Defense budget boosts US economy as civilian sector starts to slow
Washington — Defense spending has been the United States economy's biggest gun and likely will remain so for roughly another year, experts say. The Defense Department reforms called for by the Republican and Democratic staffs of the Senate Armed Services Committee in a report issued Wednesday would not affect the impact of Pentagon spending in the short run.
Defense spending ``certainly has been the fastest growing part of the economy'' in recent years, says David Wyss of Data Resources Inc.
Pentagon outlays loom large in determining the outlook for 1986, because forecasters are unsure how robust consumer spending will be next year. Individuals have run up their debts to record levels and cut way back on savings, making robust growth in consumer spending quite doubtful.
Growth in military spending ``certainly will'' outpace growth elsewhere in the economy, says Delos Smith of the Conference Board, a business research organization.
There ``is no question'' that defense spending will grow faster than spending by consumers in 1986, adds Nariman Behravesh, chief US economist for Wharton Econometric Forecasting Associates. He expects inflation-adjusted military spending to grow 4.5 percent next year, while consumer spending climbs 3 percent.
Military spending is expected to climb in 1986 even though Congress ``froze'' the 1986 military budget, allowing no growth above inflation in fiscal 1986. That apparently contradictory result is explained by time lags in the defense buying process.
For example, when Congress authorizes the Navy to buy a new aircraft carrier, very little of the money gets spent in the first year. In fact, spending on the ship will continue for about five years, according to the Congressional Budget Office. The same lags apply, to a greater or lesser degree, to other hardware the military buys.
So, although Congress has frozen the new spending authority it gave the Pentagon in budget year 1986 ( which started Oct. 1), the Defense Department will continue to spend on its backlog of authorized programs approved in previous budget years. The spending backlog is estimated at between $50 billion and $75 billion.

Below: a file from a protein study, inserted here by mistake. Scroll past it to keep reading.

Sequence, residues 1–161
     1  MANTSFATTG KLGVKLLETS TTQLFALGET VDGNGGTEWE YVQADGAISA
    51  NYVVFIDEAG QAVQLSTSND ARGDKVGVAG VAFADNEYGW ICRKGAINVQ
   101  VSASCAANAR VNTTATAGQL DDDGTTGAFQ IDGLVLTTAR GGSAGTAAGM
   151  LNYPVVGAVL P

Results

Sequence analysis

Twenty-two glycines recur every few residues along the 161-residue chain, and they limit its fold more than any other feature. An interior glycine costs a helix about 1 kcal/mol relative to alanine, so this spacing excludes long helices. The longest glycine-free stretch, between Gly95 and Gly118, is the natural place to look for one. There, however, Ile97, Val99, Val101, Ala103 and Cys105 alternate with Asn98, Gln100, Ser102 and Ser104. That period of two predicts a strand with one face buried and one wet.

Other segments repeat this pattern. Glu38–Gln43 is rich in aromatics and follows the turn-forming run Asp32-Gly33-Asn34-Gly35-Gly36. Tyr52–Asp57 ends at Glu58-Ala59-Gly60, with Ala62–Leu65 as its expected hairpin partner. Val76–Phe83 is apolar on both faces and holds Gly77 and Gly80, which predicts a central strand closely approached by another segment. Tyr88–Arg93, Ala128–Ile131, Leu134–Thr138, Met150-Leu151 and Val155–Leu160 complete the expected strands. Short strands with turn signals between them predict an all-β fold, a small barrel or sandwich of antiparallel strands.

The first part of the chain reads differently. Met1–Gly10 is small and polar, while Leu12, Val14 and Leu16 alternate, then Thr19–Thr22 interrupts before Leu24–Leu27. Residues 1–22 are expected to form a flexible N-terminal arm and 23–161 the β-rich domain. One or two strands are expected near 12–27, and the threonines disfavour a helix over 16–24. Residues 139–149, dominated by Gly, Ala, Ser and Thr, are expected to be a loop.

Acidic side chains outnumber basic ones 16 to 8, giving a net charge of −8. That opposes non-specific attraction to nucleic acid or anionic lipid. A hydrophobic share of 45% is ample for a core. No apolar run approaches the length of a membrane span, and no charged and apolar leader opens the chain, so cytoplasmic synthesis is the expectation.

While analysts expect defense spending to keep providing fuel to the economy, the rate of increase will be slower than in the early years of the Reagan administration.
And by 1987 ``the picture starts to change,'' Mr. Behravesh says, as congressional budget controls start to bite. That year he expects defense and consumer spending will grow at about the same pace. Mr. Wyss says he thinks the two may equalize by the middle of 1986.
There are a variety of reasons defense spending will slow somewhat from its recent rapid pace, other than budget trims made on Capitol Hill. For one thing, Congress is putting increased heat on the Pentagon to cut contracting abuses. Added oversight slows the purchasing process, experts say. Also, some of the backlog represents the Pentagon's overestimating the costs of inflation, so some of the authorized spending may never take place.
Still the Pentagon's role in the economy will remain an important one. Its hardware purchases have helped prop up the US manufacturing sector, which has been damaged by imports. In the September industrial-production figures released Wednesday, production fell 0.1 percent, the second decline in three months. This performance would have been worse if defense and space production had not climbed a strong 1 percent.